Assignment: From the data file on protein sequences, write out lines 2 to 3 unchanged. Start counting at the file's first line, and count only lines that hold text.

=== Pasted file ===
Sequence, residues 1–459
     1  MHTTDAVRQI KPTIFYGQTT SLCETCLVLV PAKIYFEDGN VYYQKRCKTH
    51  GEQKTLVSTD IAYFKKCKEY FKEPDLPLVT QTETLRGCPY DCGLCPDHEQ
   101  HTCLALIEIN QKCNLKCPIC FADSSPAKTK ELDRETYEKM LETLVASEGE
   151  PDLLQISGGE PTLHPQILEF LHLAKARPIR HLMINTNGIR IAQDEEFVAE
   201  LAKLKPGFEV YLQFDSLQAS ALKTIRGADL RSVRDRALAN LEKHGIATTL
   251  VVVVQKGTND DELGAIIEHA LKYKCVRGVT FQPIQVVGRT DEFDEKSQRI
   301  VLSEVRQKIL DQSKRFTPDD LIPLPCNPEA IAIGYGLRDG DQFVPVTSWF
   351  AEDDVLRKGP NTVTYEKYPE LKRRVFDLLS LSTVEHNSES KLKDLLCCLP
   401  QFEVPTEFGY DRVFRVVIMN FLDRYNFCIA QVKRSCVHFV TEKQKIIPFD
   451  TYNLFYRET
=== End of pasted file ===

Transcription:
     1  MHTTDAVRQI KPTIFYGQTT SLCETCLVLV PAKIYFEDGN VYYQKRCKTH
    51  GEQKTLVSTD IAYFKKCKEY FKEPDLPLVT QTETLRGCPY DCGLCPDHEQ